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Math Made Easy: Problem of the Day 26

In Star Wars: The Force Awakens, Starkiller base literally absorbs a star to power a superweapon. Now we all know the Star Wars movies require a substantial suspension of disbelief to be enjoyable (and they certainly are wonderful when taken as science fantasy), but for a moment, letís unsuspend our disbelief and examine this scenario. Just how much would it increase the gravitic pull on the surface of the planet? So hereís todayís problem:

There are two ways to solve this problem. Iíll do the harder one first, then the easier one. As I do this, remember weight is a force Ė the attraction of your mass to the Earthís (or whatever body youíre standing on). In metric, weight is measured in Newtons. In Imperial, pounds serves for weight (part of why the imperial system is so bad Ė it tries to make pounds serve for both mass and weight, when the two are completely different properties).

To do this the longer, harder way, we must use the the formula for gravitic force felt between two masses (where G represents the universal gravitational constant, m1 and m2 the two masses, and d the distance between the two objects centers of mass):

G is a known quantity, and is 6.673x10-11Nm2/kg2

Letís define m1 as the mass of the star. One solar mass is 1.989x1030kg. We actually arenít even going to add in the mass of the earth, as it is 6 orders of magnitude small than that of the sun. Which means in that scientific notation, its first digit doesnít even show up for 3 more digits. Itís negligible.

That leaves m2 as the mass of the person: 100kg. And the distance is the radius of the earth (the distance from the Earthís center of mass to yours is essentially one earth radius): 6.371x106 meters.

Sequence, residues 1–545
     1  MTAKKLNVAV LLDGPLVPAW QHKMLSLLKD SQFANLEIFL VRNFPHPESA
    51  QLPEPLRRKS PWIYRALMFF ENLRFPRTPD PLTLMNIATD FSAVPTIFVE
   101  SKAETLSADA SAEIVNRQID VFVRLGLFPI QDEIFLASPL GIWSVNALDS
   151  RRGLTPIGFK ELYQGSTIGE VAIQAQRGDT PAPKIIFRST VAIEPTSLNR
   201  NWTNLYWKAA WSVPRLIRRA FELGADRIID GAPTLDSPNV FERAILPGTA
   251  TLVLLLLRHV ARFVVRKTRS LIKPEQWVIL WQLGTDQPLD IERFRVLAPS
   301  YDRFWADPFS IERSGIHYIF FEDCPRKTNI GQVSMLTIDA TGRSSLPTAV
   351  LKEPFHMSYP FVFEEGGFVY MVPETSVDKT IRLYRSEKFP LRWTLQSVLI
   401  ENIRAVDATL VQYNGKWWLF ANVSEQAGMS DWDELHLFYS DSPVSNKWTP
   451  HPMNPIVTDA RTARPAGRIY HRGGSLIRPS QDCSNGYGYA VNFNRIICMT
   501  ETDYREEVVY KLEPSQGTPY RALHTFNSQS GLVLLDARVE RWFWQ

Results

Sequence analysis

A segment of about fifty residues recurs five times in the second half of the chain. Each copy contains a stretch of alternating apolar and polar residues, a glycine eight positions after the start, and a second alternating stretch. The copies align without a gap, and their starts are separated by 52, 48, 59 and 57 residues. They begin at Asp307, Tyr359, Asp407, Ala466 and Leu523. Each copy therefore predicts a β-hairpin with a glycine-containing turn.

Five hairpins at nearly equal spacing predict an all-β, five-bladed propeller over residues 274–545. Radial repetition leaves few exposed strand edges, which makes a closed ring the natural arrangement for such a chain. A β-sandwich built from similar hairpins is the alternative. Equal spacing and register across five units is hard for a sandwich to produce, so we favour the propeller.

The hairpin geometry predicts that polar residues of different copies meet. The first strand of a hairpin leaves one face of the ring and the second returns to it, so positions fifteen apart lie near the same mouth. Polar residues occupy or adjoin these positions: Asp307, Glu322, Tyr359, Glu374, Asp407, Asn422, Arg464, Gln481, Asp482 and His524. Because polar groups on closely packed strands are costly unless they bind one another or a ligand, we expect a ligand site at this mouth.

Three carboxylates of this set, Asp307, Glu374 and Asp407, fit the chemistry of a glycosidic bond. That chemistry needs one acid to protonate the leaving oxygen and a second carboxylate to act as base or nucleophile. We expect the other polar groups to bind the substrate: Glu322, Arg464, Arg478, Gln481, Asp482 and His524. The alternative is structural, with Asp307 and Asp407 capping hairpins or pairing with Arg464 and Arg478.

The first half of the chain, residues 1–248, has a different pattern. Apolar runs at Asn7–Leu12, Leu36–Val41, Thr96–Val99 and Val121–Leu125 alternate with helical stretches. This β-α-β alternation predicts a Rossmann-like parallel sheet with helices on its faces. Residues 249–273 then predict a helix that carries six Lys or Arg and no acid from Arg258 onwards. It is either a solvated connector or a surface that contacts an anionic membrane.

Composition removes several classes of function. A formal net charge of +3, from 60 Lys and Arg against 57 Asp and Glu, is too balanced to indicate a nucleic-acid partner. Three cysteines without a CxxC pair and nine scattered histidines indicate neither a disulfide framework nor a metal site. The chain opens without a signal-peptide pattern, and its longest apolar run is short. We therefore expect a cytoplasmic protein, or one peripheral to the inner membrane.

Note Iím working in meters and kg to stay consistent with the units of the universal gravitational constant. Also note that all units cancel except Newtons when we do this.

So letís just plug all of those in, and we get 3.270x108 Newtons:

Thatís not very intuitive, at least not for Americans. Since weíre used to working in pounds, and even in metric countries, weíre used to saying we ďweighĒ so-and-so many kilograms, what does that really mean? Well, letís divide it by the acceleration due to gravity at one earth mass. This will yield an answer in effective kilograms, which will give us a better idea of how much the personís weight has increased: Itís still in the order of magnitude of 107, which means he weighs over 3x105 times as much. Thatís three hundred thousand times more weight. I certainly doubt anyone would be able to stand on the surface of Starkiller Base after the star was absorbed if we didnít suspend our disbelief so we can enjoy the fantasy of the movie. Thank goodness we do.

Now that weíve done it that way, letís do the easier way. Just as the Earthís mass is insignificant to the Sunís, so yours is to the Earthís. By orders of magnitude, it doesnít even begin to compare. So when we use that formula for gravitational force, your mass practically doesnít even effect it, and the difference between your mass and anotherís doesnít effect it either. Thatís why your teachers confidently use the same figure for acceleration due to gravity on Earthís surface for pretty much everything, regardless of how much its mass is. So, knowing that, letís use a different formula for force, and just compare the suns mass to the Earthís. Well, the sun is 332,946 times the mass of the earth. Thatís 3.329x105. If we multiply that by the 9.8m/s2 figure we use for the acceleration due to gravity on the earthís surface, we have the new acceleration due to gravity. Now we can just use good olí Newtonís Second Law to calculate the fellowís weight after Starkiller Base has absorbed the star:

And lo and behold, we get essentially the same thing we did before. In fact, itís the difference in the mass of the Earth and Sun that is the difference in the poor individualís weight. So we didnít have to do much calculation to begin with. But, thank goodness Star Wars is fantasy, and we really donít have to worry about scientific accuracy to enjoy it. Because, man, was that freaking cool to see a star getting sucked into a giant planetary vacuum cleaner.

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